by Jean Henry Mead
The “Lazarus Syndrome,” or NDE, refers to a near death experience. The name originated with the biblical Lazarus who was said to have risen from the dead. NDEs have been reported throughout history by the Egyptians, Romans and Greeks as well as in the Bible.
People have reportedly heard themselves pronounced dead by an attending physician. Many, including my mother, recalled traveling rapidly through a long, dark tunnel in an out of body experience. Seeing a bright light, they felt a previously unknown warmth and peacefulness. They’ve also reported being met by a friend or relative who has already passed on, and has, in the process, experienced feelings of extreme love and bliss.
In my mother’s case, she was giving birth to one of my brothers, who was born breech. She said that after traveling the tunnel toward a brilliant light, she was met by her deceased father and told her that it wasn't her time. He reminded her of her three small children at home. At that point, she struggled back to life. According to Dr. Keith D. Wilson, author of Cause of Death, some physicians theorize that the experience is nothing more than hypoxia or decreased oxygen supply to the brain’s temporal lobe. Many, however, believe that it’s a forward look into the unknown realm of death.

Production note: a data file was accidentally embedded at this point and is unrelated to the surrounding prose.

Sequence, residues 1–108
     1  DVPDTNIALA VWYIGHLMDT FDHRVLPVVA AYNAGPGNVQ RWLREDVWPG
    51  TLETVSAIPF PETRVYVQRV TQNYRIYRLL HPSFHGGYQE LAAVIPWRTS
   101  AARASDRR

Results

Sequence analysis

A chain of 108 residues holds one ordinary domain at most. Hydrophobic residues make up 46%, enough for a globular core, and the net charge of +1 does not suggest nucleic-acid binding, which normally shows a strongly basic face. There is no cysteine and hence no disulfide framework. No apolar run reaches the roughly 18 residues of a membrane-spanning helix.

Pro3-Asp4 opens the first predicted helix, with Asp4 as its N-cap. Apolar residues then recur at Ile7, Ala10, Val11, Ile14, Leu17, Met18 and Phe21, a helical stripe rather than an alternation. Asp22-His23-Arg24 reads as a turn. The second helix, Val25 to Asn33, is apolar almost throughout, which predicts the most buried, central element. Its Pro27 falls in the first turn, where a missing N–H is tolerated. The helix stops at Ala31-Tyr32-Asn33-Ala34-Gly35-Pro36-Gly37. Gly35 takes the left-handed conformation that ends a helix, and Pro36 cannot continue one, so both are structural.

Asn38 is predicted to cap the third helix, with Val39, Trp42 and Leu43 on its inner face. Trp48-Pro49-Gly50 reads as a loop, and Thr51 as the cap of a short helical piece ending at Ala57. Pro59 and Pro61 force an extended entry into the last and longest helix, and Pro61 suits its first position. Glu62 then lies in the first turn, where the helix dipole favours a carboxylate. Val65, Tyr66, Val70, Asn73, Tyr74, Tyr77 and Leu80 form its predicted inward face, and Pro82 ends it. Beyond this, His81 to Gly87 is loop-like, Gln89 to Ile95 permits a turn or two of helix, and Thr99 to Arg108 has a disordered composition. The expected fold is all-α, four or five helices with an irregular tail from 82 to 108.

Carl Sagan believed that NDEs are latent memories from birth. In his book, Broca’s Brain, he says, “The only alternative, so far as I can see, is that every human being, without exception, has already shared an experience like that of those travelers who return from the land of death; the sensation of flight; the emergence from darkness into light; an experience in which, at least perceived, bathed in radiance and glory. There is only one common experience that matches this description. It is called birth.”
Well-known psychic Sylvia Browne has described the process of dying in several of her bestselling books. She claims to have spent numerous lives on earth and recalls her own demise. She says that she also traveled down a long tunnel but that the bright light seemed to radiate from her own body.
Melvin Morse, M.D., in his book, Closer to the Light, reports that the near-death experiences of young children he interviewed in the hospital were identical. Over a hundred children, ages three to nine, who had suffered NDE during surgery, all experienced the same tunnel and light as did their adult counterparts.
Morse concludes that because the children were too young to be influenced by religious teachings or preconceived notions about death, the near-death experiences hold some validity.
What do you think?